THE OPPOSITE OF LONELINESS

by Marina Keegan |

NON-FICTION

How do you mourn the loss of a fiery talent that was barely a tendril before it was snuffed out? Answer: Read this book. Keegan was a 22-year-old Yale grad who’d just been accepted as a staffer at The New Yorker when she died in a car accident in 2012; afterward her commencement essay, “The Opposite of Loneliness,” became an Internet sensation. “We don’t have a word for the opposite of loneliness, but if we did, I could say that’s what I want in life,” begins the essay that brought so many to tears. Keegan left behind a trove of essays and stories that, while uneven, were the work of an original. A clear-eyed observer of human nature, she could take a clever idea—a neurotic older woman reads to a blind man naked, a girl reads her hook-up’s diary after he’s died—and make it something beautiful. And she could be funny: A charming profile of an exterminator is titled, simply, “I Kill For Money.” Keegan writes about sex, love and death—and really, what else is there?

—REVIEWED BY JUDITH NEWMAN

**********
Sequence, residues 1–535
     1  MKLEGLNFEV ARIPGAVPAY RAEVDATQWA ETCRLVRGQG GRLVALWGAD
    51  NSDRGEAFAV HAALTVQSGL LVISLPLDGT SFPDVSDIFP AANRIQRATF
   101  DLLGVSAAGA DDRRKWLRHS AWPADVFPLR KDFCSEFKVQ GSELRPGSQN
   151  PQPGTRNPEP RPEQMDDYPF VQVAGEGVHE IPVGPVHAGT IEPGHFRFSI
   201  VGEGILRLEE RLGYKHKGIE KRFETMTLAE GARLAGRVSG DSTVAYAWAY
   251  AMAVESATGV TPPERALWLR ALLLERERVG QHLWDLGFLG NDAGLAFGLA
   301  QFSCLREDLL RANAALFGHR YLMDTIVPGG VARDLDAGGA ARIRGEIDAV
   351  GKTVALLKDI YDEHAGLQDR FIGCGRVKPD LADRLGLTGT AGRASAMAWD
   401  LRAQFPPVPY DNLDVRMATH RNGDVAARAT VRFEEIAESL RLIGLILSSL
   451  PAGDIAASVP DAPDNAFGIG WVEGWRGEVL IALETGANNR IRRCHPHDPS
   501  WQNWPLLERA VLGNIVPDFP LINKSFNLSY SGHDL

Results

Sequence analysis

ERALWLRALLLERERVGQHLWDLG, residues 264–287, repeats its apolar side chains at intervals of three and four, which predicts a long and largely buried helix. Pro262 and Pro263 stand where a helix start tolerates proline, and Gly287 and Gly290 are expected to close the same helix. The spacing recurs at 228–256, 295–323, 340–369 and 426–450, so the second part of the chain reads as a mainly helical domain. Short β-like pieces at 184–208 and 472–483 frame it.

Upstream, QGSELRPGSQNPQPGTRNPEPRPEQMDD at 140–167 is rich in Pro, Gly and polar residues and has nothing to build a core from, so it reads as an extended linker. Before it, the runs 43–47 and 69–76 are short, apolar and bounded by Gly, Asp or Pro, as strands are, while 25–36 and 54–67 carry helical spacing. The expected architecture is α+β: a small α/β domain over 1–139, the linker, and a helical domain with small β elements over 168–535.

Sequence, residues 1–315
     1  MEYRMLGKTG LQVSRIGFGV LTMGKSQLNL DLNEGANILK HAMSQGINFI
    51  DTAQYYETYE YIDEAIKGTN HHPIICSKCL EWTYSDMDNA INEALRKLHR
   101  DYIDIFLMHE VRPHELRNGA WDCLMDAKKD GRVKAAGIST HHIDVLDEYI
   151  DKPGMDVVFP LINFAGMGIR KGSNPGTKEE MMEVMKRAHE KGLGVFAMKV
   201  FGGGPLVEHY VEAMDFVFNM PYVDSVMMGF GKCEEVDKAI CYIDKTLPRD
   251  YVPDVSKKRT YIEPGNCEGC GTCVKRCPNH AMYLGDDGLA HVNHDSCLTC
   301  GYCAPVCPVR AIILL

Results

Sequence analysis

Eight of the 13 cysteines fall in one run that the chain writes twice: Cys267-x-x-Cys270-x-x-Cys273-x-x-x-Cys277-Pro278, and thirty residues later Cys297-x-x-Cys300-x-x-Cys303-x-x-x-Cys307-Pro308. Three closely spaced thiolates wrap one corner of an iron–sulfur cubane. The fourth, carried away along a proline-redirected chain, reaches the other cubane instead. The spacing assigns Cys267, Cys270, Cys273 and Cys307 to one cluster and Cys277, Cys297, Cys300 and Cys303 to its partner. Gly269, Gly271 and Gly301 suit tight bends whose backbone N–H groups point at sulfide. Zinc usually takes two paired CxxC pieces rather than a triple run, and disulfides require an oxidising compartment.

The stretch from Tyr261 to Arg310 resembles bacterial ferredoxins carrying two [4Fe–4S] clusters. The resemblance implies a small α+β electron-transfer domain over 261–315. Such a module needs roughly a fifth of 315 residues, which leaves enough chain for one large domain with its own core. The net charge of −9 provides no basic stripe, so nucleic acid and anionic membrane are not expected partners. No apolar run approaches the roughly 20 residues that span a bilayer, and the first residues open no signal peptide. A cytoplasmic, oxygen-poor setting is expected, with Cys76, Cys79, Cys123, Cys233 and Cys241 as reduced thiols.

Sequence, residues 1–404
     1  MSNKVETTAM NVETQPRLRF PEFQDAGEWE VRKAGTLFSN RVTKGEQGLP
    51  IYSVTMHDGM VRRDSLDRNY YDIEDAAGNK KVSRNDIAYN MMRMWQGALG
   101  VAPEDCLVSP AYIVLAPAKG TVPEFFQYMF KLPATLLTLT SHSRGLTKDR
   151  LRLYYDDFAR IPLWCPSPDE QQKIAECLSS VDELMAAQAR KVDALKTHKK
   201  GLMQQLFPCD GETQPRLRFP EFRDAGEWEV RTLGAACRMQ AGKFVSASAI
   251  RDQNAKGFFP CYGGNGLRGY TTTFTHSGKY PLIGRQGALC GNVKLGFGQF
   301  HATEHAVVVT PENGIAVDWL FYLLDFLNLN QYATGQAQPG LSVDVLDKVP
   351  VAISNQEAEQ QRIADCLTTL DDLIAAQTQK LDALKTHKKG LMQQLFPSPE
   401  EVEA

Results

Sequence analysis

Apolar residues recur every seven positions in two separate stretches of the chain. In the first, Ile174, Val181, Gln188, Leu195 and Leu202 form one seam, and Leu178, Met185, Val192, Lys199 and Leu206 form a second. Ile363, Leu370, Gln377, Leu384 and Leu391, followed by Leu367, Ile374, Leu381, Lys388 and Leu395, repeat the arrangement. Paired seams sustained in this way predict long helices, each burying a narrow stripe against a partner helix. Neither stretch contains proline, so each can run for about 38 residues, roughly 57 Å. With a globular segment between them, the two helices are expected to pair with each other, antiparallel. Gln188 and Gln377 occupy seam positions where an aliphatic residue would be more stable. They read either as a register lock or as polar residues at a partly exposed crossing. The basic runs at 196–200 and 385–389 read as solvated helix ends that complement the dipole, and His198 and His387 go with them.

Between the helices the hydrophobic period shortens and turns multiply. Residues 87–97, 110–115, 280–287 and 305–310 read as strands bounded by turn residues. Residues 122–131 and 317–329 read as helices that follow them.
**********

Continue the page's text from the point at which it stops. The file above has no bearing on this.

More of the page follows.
LOVE AND TREASURE

by Ayelet Waldman |

NOVEL

This ambitious novel jumps back and forth in time as it takes on the Holocaust and gathers in other themes of oppression and loss. The connecting thread is a jeweled pendant found by a soldier among goods seized from Jewish war victims. The book ends, rather puzzlingly, on a tale about suffragism in 1913 Budapest, yet the eternal human struggle for self-determination and dignity pulses throughout.

—REVIEWED BY ROBIN MICHELI

NO BOOK BUT THE WORLD

by Leah Hager Cohen |

NOVEL

In the years since their free-spirited childhood, Ava and her younger brother Fred have become estranged. Then Fred is arrested for a hein- ous crime, and Ava embarks on an emotional and physical journey to understand him, their shared past and herself. In a narrative that alternates points of view—or seems to—Ava’s husband grapples with their marriage, while in his jail cell Fred relives his crime. Cohen (The Grief of Others) demonstrates a masterful talent, creating richly drawn characters and settings and supplying a satisfyingly shocking yet believ- able denouement.

—REVIEWED BY MEREDITH MARAN

MIMI MALLOY, AT LAST!

by Julia MacDonnell |

NOVEL

For decades Mimi Malloy has kept the secrets of her Boston childhood on lockdown, bulletproofing her emotions with wisecracks as she raised six kids with her condescending ex. But when a mysterious antique pendant appears in her home, Mimi’s armor begins to crack. The amulet sparks interactions with her headstrong siblings, and as truths surface about their departed sister Fagan, Mimi softens—and is gobsmacked by a last chance at love. Cathartic, suspenseful and droll, Mimi offers a hopeful take on both old age and bad blood. —Reviewed by Joanna Powell

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